Originally published February 11, 2015
If ever a vehicle was a form over function choice, the Nissan Murano is it. For virtually the same price, you can walk across the showroom and buy a vehicle built on the same platform with the same powertrain, with an extra row of seats and significantly more cargo room and, hence, utility. A strange approach for a utility vehicle, perhaps, but with this restyling, Nissan has demonstrated that they can deliver a standout design in the crossover segment, and for an affordable price, too. It’s not perfect, but there are numerous angles and details that one can pore over and appreciate, and will captivate many of Nissan’s intended audience.
Going back to its origins, the Murano made quite a splash when it first debuted in 2002, practicality taking a back seat to cutting edge design and car-like ride over rugged off-road ability. It was all rounded curves and angular features, and shot to instant success. As other brands entered this niche, Nissan remained conservative for its second generation, and sales flagged, the nameplate losing some of its lustre.
Nissan aimed to recapture that spark of innovative and eye-catching design in this third generation 2015 model, with sharply creased body panels, aggressively raked profile, grille, headlights and flanks that accentuate the dynamic statement. The effect is highly modern, yet elegant, and also contributes to a claimed best-in-class aerodynamic efficiency with a Cd of 0.31.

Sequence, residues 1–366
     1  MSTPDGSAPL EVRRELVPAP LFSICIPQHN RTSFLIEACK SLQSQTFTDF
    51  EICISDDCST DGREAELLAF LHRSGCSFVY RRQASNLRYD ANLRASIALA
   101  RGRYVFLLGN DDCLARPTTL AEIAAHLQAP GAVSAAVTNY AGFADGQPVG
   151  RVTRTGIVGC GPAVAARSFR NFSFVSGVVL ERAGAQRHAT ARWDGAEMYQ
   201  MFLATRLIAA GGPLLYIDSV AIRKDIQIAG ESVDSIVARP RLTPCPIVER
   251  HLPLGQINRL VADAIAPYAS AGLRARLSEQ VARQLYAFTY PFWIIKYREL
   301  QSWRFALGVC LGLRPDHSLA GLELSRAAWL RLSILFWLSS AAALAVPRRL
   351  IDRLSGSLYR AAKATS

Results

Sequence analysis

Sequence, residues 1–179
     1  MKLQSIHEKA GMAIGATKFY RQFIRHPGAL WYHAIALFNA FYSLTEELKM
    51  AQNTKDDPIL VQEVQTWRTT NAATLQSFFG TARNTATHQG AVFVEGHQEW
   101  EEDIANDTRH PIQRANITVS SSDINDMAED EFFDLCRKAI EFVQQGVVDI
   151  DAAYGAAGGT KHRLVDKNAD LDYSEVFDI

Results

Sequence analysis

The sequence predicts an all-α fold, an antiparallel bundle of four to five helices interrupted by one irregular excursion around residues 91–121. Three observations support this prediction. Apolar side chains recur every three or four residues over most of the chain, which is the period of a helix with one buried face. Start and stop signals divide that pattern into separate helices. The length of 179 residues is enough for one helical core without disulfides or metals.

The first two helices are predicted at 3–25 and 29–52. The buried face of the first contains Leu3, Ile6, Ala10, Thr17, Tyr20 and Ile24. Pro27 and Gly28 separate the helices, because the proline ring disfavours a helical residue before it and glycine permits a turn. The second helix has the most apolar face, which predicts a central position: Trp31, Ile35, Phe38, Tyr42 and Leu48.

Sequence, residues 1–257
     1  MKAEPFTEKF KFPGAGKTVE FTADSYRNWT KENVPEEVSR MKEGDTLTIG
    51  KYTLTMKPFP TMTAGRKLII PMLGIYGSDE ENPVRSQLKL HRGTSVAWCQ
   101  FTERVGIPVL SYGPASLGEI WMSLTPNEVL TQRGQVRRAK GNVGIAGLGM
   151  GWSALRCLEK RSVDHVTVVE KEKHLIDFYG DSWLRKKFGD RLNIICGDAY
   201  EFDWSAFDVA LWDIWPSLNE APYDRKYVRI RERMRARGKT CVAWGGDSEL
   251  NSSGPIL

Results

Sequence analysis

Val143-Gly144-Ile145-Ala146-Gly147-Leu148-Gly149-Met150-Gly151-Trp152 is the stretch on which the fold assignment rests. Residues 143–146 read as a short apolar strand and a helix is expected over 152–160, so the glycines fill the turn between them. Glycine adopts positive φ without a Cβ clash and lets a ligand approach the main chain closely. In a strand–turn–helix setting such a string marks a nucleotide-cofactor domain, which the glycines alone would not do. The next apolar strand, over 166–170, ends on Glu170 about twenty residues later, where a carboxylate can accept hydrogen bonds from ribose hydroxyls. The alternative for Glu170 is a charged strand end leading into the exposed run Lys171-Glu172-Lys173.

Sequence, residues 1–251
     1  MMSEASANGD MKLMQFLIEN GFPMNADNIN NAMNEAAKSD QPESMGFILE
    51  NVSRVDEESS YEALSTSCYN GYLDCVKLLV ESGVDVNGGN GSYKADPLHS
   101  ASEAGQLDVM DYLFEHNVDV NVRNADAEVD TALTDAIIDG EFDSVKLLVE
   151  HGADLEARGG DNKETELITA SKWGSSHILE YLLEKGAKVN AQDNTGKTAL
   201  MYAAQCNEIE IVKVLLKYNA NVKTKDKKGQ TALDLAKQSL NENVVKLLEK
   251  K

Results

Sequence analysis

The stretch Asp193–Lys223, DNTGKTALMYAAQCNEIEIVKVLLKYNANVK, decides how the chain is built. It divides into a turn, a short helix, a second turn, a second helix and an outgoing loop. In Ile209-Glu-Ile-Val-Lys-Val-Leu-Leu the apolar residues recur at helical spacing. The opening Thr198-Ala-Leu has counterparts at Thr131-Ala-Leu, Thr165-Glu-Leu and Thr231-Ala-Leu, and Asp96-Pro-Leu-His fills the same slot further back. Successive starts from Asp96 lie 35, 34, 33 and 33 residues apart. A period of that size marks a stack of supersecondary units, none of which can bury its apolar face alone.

The coolest design element in my eyes is the continuity from the heavily tinted side windows into the rear windscreen, utilizing a black plastic panel on the rear pillar, creating the effect of a floating roof, something rarely seen outside of concept cars. Brighter coloured cars benefit from the contrasting chrome trim that defines the window line and other character lines like the “V-Motion grille”, though I find that is one of the few awkward spots around the snout, especially when seen from head on.
Headlights are surrounded by Nissan’s ‘boomerang’ LED signature, and feature standard halogen projectors or full LED headlights with the Platinum trim. It’s not all design flair, though – navigation, voice command and Bluetooth are standard, as are the conveniences of back-up camera, heated front seats and dual-zone auto climate. Even one trim up, the SV adds proximity keyless entry and start, eight-way power driver’s seat and heated steering wheel. The base S model ($29,998) is available as front-wheel drive only, while the SV comes with FWD standard ($32,998) or optional all-wheel drive ($34,998). The SL ($38,398) and Platinum ($43,498) models come with standard AWD.